Marshall Memo 817

In This Issue:

Quotes of the Week

“What do I think I know, and what might I be missing? How does my cultural lens give me insight, and how does it limit my understanding?”

Sarah Young on questions instructional coaches should ask themselves (see item #1)

“I’ve come to realize that when we ask superficial questions, we get superficial information back from what students know.”

Robert Kaplinsky (see item #11)

“Education isn’t about filling a bucket but about gaining a tool belt, and economics and statistics offer terrific tools that for the rest of your life will help you analyze problems in more rigorous ways.”

Nicholas Kristof (see item #6)

“Leaders need many qualities, but underlying them all is good judgment. Those with ambition but no judgment run out of money. Those with charisma but no judgment lead their followers in the wrong direction. Those with passion but no judgment hurl themselves down the wrong paths. Those with drive but no judgment get up very early to do the wrong things.”

Andrew Likierman (see item #2)

“Although passion about objectives and values is a wonderful leadership quality that can inspire followers to greater efforts, it can also affect how you process information, learn from experience, and select advisors.”

Andrew Likierman (ibid.)

1. Questioning, the Most Basic Teaching Tool

In this Learning Forward article, consultant/instructional coach Sarah Young defines culturally responsive coaching: it addresses differences between the coach, the teacher, and students; the role of social identity; and the social-political context in which the teacher is working. Key questions for an instructional coach using this approach: What do I think I know, and what might I be missing? How does my cultural lens give me insight, and how does it limit my understanding? Young goes on to describe two coaching interactions in which her cultural lens was particularly important:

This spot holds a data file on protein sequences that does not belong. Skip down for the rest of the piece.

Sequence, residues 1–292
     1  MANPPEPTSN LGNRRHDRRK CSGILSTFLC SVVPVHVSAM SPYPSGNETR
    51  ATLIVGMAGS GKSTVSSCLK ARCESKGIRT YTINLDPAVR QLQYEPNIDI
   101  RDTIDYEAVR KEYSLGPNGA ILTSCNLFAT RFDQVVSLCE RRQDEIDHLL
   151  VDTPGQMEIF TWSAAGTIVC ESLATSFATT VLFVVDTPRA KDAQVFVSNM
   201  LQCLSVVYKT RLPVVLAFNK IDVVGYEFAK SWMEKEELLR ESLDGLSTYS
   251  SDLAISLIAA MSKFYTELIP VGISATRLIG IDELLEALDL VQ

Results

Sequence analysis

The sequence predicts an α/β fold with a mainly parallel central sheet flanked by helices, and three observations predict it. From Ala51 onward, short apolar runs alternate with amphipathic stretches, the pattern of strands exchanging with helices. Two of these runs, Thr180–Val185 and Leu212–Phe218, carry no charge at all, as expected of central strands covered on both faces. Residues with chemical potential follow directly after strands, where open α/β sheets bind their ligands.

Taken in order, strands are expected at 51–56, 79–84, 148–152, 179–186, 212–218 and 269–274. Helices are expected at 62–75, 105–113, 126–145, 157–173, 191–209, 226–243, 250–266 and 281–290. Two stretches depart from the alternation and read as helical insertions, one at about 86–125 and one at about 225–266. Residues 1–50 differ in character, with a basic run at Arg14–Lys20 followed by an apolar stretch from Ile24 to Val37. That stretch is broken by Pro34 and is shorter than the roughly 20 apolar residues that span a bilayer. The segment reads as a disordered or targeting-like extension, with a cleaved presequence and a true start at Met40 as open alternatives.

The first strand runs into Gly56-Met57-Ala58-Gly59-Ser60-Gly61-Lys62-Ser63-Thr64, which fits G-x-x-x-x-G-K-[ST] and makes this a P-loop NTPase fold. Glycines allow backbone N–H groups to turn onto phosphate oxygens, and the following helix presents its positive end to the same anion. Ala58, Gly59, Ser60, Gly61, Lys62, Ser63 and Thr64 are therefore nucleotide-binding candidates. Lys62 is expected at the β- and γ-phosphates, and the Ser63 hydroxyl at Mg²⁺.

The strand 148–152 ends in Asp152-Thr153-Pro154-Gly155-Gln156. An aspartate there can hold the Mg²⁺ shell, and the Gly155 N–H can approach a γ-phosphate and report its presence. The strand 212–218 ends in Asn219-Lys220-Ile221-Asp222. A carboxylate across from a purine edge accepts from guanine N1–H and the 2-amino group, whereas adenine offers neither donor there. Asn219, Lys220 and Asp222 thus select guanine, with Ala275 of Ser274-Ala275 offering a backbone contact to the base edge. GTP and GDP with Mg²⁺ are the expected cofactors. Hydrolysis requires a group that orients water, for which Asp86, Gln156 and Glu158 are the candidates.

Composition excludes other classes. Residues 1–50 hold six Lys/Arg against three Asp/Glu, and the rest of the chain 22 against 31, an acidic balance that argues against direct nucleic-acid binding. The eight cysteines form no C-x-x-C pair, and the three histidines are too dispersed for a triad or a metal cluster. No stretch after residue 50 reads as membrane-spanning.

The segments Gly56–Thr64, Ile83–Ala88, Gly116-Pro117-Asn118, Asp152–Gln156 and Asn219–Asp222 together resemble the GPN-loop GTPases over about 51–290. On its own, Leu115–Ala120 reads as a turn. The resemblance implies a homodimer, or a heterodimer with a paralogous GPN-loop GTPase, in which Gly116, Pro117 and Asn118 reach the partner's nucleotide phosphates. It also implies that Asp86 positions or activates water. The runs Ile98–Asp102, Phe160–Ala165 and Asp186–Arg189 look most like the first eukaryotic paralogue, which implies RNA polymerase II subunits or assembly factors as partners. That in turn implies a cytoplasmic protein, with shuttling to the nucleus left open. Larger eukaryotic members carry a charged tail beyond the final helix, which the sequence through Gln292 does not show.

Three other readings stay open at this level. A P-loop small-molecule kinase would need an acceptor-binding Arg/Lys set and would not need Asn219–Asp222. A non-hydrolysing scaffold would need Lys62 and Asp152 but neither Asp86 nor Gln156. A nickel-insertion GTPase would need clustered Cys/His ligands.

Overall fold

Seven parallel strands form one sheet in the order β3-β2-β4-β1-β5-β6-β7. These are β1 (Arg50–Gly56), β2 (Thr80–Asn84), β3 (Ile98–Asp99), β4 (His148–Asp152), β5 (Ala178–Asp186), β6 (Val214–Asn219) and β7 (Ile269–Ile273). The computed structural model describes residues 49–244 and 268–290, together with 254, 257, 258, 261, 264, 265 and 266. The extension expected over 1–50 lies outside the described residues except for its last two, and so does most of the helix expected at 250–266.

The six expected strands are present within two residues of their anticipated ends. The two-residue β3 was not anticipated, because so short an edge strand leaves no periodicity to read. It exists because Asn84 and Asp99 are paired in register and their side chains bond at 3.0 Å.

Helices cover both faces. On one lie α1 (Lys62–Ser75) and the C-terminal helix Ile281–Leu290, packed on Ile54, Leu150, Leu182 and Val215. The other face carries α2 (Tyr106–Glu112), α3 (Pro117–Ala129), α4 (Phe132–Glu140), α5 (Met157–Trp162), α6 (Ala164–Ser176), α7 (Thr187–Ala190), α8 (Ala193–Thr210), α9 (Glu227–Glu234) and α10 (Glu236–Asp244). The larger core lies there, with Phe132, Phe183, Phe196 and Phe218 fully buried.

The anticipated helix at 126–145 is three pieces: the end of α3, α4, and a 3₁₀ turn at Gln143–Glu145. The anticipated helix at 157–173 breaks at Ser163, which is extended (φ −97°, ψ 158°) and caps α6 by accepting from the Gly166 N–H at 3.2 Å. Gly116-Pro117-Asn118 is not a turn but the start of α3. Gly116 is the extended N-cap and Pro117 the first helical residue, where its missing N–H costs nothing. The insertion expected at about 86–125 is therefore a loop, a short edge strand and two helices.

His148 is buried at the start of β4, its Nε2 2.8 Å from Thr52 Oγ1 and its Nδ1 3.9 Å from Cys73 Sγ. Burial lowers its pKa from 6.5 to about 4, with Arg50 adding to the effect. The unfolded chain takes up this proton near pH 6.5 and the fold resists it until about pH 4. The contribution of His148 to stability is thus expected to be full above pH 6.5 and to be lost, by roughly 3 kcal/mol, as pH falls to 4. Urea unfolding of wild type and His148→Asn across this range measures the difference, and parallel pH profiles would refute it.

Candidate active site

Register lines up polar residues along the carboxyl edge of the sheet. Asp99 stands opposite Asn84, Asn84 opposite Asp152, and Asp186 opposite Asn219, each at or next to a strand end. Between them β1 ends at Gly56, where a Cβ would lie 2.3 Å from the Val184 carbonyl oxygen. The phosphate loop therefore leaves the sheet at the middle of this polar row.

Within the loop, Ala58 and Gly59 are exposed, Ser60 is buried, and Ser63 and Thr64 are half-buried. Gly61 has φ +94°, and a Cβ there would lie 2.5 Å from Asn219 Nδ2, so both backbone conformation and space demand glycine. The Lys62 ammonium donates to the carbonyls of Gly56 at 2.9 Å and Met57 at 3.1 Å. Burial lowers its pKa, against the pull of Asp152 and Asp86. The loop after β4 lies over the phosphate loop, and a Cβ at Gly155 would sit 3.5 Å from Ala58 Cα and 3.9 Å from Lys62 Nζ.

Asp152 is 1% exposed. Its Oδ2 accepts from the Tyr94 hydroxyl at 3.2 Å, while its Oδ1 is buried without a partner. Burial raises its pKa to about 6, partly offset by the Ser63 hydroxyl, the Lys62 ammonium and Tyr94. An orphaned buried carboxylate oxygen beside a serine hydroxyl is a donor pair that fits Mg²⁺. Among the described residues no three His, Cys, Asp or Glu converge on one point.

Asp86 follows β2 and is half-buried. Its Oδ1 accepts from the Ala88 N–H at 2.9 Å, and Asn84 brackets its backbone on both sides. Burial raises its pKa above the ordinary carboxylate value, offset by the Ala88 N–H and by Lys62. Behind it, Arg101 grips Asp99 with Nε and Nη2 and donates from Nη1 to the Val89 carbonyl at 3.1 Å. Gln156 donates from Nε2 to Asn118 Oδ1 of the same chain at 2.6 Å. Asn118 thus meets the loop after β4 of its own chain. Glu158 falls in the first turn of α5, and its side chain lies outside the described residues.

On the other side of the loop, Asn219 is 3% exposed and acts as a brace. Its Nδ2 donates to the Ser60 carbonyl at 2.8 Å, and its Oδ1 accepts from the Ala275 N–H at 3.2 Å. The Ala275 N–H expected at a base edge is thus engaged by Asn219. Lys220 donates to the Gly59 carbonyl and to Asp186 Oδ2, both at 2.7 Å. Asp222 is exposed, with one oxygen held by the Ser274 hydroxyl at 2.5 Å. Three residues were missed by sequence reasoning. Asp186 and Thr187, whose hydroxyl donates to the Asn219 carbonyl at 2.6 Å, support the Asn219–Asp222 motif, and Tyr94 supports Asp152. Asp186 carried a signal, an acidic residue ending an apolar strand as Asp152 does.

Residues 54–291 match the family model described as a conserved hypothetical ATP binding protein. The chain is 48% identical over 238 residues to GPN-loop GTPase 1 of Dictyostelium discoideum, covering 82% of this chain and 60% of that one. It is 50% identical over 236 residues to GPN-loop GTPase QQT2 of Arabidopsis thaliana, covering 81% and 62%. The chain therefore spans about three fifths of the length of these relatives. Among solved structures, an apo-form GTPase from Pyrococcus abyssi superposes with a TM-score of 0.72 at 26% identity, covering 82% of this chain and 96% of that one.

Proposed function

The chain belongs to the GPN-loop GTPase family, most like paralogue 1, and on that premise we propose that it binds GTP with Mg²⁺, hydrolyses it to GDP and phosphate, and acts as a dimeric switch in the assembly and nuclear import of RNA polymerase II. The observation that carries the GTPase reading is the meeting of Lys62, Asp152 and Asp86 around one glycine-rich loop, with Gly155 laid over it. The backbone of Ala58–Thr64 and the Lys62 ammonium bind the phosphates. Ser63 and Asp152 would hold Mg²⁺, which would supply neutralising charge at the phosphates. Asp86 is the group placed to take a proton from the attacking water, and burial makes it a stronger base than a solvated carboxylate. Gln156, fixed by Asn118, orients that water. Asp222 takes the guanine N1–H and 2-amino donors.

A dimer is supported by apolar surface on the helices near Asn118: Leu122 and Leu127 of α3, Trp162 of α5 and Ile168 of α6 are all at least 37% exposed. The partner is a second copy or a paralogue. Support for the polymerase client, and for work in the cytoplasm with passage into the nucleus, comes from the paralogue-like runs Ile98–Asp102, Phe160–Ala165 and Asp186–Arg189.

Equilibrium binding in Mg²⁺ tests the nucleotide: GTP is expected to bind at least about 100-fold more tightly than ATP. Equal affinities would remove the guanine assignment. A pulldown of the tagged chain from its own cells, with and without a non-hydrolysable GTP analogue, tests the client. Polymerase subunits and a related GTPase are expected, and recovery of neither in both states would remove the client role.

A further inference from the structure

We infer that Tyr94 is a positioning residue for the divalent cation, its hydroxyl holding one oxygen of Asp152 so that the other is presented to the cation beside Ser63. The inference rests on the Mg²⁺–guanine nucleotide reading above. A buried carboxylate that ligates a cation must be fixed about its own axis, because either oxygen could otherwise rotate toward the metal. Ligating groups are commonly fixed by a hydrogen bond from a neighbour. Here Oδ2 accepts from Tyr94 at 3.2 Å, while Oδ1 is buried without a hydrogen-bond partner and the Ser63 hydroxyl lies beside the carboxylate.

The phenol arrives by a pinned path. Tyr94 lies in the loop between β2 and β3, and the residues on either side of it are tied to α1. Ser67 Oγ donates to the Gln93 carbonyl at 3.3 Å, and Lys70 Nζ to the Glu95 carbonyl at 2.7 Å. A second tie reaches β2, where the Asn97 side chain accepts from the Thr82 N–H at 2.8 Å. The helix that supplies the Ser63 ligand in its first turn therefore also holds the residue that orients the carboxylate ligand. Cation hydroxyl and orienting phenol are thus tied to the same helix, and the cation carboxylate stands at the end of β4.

• Sally was a young, white, novice teacher working in a racially diverse urban school. She asked Young for advice on how to handle several students who were calling out and disrupting her lessons. Young observed her class and noticed that the three students who were calling out without raising their hands were African-American boys, and their comments were actually relevant and on topic.

Here’s what Young said to Sally: “As a white observer of students of color, I always ask myself what I think I know, and what I might be missing. I know that having grown up in a segregated, white, middle-class community can affect my interpretations. I have a lot of influences that prime me to see loud, spontaneous behavior in kids of color as disruptive or threatening, where I might see the same behavior in white kids as merely exuberant. In this case, I have to ask myself, are the comments intending to disrupt, or could this be a learning strategy? The data I recorded show the call-outs relate to what you’re teaching.”

The teacher nodded thoughtfully but wondered why the boys were calling out. “Why can’t they wait for me to call on them like the other students do?” Young replied that in these students’ community, an audience might be expected to interact out loud as people learned: “I’m curious to see how the boys’ exuberance to respond might be channeled into a different sort of participation structure where call-outs are welcomed and encouraged, and you still feel in charge as a teacher.”

“What do you think that would look like?” the teacher asked, looking perplexed yet open. “Now,” thought Young, “Sally and I had an entry point to a culturally responsive coaching conversation.”